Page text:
As an example, consider the double leg. Above, I said that on the DC account, lunges would be more specific to the double leg than squats, and some form of resisted double leg shot would be more specific still. Looking at the movement pattern alone, this is certainly the case. But the similarity begins to fall away when we look at the double leg in the context of the sport as a whole.
When an athlete initiates a double leg takedown in sporting context, they do so from a state of constant movement. They are using feints to set-up the entry, they may change stances to throw their opponent off, and they will move from side to side to get the angle they want. All of these are crucial elements of an effective double leg, and none of them have anything to do with the movement pattern of the double leg itself. Where does this leave the DC account? Lunges may be more specific than squats, but they are still very non-specific in context. If there is a way to account for this variety of factors (without turning strength and conditioning into just more sport practice), I am unaware of it. I do not think it is possible.
If we take the DC account to it's logical conclusion, it becomes self-contradictory in application. Squats are less specific than lunges, which are less specific than resisted double leg shots – which are less specific than unresisted double leg shots on a tackling dummy, which are less specific than unresisted double leg shots on an unresisting opponent, which are less specific than unresisted double leg shots on a resisting opponent, which are less specific than just giving up on S&C and practicing the primary sport. Why bother with S&C at all, if the DC account is correct?
By way of contrast, the GC account draws a clear distinction between S&C and sport practice. We select for the general qualities most important to the sport and train those qualities. This allows sufficient specificity (when I said "football players shouldn't train to run marathons", what I meant was "the general fitness characteristics needed for football are very different from the general fitness characteristics needed to run marathons"), and that is as much specificity as is required from strength and conditioning practices, because carryover from strength and conditioning to the primary sport is an emergent property. It arises from the combination of sufficiently specific general S&C with appropriate sport practice. There is no way to create this effect with a top-down, reductionist approach. The whole is greater than the sum of it's parts.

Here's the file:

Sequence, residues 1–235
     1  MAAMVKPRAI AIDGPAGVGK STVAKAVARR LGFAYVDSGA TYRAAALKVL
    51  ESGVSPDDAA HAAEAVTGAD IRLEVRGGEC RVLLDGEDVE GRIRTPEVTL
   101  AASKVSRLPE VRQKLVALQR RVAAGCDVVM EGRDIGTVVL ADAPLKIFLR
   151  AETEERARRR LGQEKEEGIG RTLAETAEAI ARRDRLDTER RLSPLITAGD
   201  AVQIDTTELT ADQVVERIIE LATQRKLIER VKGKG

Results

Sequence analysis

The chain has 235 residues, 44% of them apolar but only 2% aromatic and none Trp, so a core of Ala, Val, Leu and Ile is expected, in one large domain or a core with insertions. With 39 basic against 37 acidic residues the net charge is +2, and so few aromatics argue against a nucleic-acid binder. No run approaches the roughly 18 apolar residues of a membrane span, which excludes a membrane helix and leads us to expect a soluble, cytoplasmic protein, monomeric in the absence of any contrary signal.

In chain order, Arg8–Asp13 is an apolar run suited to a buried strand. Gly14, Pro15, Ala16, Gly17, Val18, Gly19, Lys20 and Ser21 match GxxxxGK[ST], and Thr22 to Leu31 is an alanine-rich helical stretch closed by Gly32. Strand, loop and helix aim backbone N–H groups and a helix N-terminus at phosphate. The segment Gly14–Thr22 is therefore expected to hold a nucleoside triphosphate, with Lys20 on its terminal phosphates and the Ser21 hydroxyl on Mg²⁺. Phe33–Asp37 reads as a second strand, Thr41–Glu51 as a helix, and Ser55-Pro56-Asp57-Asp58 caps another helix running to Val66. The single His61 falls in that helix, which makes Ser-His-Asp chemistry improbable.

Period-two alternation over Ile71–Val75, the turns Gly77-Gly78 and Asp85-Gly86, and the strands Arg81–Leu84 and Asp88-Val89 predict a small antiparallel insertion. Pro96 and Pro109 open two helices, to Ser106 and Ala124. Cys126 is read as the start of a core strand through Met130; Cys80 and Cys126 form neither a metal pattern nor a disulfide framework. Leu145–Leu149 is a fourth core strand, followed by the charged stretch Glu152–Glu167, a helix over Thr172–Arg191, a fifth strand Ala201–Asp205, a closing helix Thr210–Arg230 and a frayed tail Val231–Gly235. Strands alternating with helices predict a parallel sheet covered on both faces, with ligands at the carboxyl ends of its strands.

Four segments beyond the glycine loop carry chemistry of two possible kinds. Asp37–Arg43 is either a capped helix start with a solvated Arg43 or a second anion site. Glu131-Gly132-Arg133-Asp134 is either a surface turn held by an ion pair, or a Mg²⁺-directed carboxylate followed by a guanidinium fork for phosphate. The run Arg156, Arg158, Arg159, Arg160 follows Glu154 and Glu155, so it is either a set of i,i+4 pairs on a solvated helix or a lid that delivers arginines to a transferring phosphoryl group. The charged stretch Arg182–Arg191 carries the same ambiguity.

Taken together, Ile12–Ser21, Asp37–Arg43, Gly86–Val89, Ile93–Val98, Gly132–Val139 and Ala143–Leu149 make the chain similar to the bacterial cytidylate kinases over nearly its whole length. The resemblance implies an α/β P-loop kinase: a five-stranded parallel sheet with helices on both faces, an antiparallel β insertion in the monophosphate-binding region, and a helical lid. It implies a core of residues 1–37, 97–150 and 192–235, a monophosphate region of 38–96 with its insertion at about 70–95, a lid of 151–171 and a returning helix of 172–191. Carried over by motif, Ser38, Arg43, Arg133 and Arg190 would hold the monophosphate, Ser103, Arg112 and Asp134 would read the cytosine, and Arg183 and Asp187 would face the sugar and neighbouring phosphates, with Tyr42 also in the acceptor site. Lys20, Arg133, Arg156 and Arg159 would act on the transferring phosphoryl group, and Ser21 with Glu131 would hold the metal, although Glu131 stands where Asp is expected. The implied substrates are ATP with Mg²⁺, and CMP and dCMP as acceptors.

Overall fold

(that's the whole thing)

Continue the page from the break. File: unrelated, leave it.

An Ontology of Sport Specific Fitness
Alright, but what's all this got to do with John Danaher and Joe Rogan?
During their brief discussion, two points were made which I think indirectly describe the general way of thinking about S&C in mixed martial arts (and, I think, in sports in general.) I want to explore those points because I think they are suggestive of a conception of the role of S&C which could be more critical, rigorous, and systematic. In other words, I want to try to do for strength and conditioning what John Danaher has done for grappling: namely, do philosophy to it.
This line of thought is very common. It treats strength and conditioning as a simple skill amplifier. Take an athlete who is sufficiently skilled at their sport (whatever that means), improve their physical capacity, and the outcome is an athlete who is more able to apply their sport skill against a resisting opponent.
This account ignores the fact that there is a constant tension and interaction between the athlete's physical capacity and their sport skill. As the athlete's capacity changes, their sport skill must absorb and adapt to the changes in capacity.
We see this frequently with the snatch. When a weightlifter makes significant improvements in leg strength, their snatch technique often suffers temporarily. Their force curve changes, they are pulling the bar higher, and as a result their timing is off. The athlete must adjust their sport skill to accommodate the new capacity.
The same effect can be observed in endurance sports. If, in the off-season, a 5k runner has a great basebuilding period and comes back to sport specific training with a much higher aerobic capacity, they must practice their pacing (a hugely important sport skill in endurance events) in order to adapt to their higher level of general fitness. If they fail to do so, the capacity will not result in better competitive outcomes.